Harris Corporation’s New CEO, Bill Brown

Sir Isaac Newton wrote to Robert Hooke in 1675, “If I have seen further it is by standing on the shoulders of giants.” It was a humble acknowledgment from the man who was the face of physics until the rise of Albert Einstein in the 20th century. Harris Corporation’s new CEO William “Bill” Brown is also standing on some pretty broad shoulders, including former CEO Howard L. Lance. However, like Newton, the consensus is he has the vision, the experience, the intelligence and the passion to carry the Space Coast’s largest company to the next level and beyond. Perhaps a more descriptive quote might be Lincoln’s, “I get ready and perhaps my chance will come.”

Brown concedes that he never set a goal of being a company CEO or the CEO of a public Fortune 500 corporation, but he added, “In retrospect a lot of the decisions I made, the positions I held, and the skill sets I developed prepared me well for the role I am in.” Formerly a rising star at United Technologies Corp. (UTC is the $50 billion parent company of Pratt & Whitney Aircraft, Carrier Air Conditioning and Otis Elevator, to name a few), Brown reflected that the questions he always asked himself were: “Is the job I’m in challenging, fulfilling and am I learning and contributing?” It was the answers to those questions that took precedence over what might be his next step or career move.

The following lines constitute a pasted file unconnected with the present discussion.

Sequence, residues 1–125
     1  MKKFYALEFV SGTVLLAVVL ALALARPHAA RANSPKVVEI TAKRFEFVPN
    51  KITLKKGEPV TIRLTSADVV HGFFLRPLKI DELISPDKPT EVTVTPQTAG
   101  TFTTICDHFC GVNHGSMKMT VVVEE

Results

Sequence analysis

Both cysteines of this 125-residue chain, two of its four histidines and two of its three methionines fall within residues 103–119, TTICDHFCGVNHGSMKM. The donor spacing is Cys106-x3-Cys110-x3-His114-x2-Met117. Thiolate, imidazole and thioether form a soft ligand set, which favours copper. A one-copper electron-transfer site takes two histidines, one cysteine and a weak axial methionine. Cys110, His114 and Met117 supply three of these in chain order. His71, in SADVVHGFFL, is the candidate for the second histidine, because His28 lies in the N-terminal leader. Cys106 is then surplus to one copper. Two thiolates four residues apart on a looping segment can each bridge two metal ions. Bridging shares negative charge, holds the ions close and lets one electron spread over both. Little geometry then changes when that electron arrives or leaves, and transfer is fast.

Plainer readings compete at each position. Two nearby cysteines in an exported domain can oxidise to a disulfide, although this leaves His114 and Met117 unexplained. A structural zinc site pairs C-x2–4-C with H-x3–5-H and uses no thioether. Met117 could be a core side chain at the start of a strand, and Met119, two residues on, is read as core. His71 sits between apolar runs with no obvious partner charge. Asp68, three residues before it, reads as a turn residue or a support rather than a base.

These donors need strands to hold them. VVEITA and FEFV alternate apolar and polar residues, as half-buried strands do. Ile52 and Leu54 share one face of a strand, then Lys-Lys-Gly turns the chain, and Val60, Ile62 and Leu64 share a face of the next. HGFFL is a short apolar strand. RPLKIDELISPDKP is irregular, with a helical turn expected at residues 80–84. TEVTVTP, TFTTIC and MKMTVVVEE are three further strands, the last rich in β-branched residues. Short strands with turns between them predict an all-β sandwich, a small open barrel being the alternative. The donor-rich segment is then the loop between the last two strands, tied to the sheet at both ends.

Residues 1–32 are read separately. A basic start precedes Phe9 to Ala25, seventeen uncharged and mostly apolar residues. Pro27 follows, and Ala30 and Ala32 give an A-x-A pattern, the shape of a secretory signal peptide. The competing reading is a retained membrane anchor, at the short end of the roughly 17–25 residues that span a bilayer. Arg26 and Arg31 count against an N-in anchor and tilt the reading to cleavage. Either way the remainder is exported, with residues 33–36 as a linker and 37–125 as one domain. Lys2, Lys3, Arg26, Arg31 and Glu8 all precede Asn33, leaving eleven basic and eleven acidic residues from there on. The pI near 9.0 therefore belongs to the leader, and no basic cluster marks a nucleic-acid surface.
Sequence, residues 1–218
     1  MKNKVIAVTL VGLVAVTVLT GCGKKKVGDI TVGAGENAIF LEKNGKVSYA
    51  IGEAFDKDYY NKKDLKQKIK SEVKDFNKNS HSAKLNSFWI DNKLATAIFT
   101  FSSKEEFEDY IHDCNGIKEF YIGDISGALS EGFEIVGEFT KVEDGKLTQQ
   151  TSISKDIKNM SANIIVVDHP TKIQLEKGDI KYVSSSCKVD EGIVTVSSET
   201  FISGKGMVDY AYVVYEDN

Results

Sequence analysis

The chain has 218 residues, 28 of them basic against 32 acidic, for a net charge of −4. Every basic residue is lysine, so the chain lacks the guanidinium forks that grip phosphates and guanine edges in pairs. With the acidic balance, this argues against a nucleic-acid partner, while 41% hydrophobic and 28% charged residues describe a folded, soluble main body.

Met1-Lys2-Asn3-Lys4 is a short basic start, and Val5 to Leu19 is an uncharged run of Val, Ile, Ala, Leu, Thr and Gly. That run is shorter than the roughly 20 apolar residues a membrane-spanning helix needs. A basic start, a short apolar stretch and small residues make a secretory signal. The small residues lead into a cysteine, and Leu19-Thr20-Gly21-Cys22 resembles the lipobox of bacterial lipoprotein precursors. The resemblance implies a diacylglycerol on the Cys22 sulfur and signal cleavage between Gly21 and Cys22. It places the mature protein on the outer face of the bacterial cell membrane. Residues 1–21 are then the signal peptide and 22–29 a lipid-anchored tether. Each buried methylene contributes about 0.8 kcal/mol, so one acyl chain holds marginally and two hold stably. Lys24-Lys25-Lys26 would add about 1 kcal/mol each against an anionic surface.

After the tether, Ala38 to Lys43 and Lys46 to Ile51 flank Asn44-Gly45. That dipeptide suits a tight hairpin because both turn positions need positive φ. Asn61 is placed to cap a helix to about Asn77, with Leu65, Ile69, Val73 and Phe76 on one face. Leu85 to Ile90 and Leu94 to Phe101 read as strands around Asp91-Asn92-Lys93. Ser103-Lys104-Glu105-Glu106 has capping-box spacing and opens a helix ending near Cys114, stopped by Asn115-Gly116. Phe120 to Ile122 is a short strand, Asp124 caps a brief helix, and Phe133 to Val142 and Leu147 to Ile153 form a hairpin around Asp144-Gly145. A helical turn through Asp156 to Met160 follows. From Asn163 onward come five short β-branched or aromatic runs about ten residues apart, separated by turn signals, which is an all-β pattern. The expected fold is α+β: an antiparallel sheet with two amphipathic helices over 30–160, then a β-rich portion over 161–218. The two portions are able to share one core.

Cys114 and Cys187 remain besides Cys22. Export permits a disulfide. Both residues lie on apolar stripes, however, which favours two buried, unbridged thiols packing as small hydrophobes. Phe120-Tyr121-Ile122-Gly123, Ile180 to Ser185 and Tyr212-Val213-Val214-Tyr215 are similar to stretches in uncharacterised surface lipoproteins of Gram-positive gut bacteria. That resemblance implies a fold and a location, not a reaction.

Building on Experience

When asked what those skills sets were, Brown responded, “Every stage and role in life gives you a set of experiences which prepare you for where you’re going. I worked from the time I was in the fourth grade, which taught me to have a responsible work ethic and to do what you say you’re going to do. As an engineering major at Villanova, I learned many disciplines, but most importantly I learned that engineering is about solving problems; whether they are business problems, technical problems or legal problems, the process of gathering data and finding solutions is much the same. When I went to business school [at the University of Pennsylvania’s Wharton School of Business], I better understood how those problem solving skills fit into an overall business strategy.”

From there, Brown went to McKinsey & Company, one of the premier management consulting firms in the nation. He said it trained him to converse with CEO’s or C-level executives about areas of concern or needs that they had – from how to grow a particular sector to how to launch a new product, or how to reposition their business because of changes in the economy. In addition, he met people with an aptitude for acquisitions, investments and strategic planning.

“You quickly learn to interpret data and read the signals, to help your clients know what to do. I spent seven years advising others and realized I could execute as well, which is why I left McKinsey for UTC. As a consultant, I worked on ‘what companies could a corporation buy that would add value?’ However, I had never worked on a deal, structured a deal or negotiated a deal – that was an expertise I developed while at UTC. It is a set of skills a CEO has to have to grow a company,” Brown emphasized.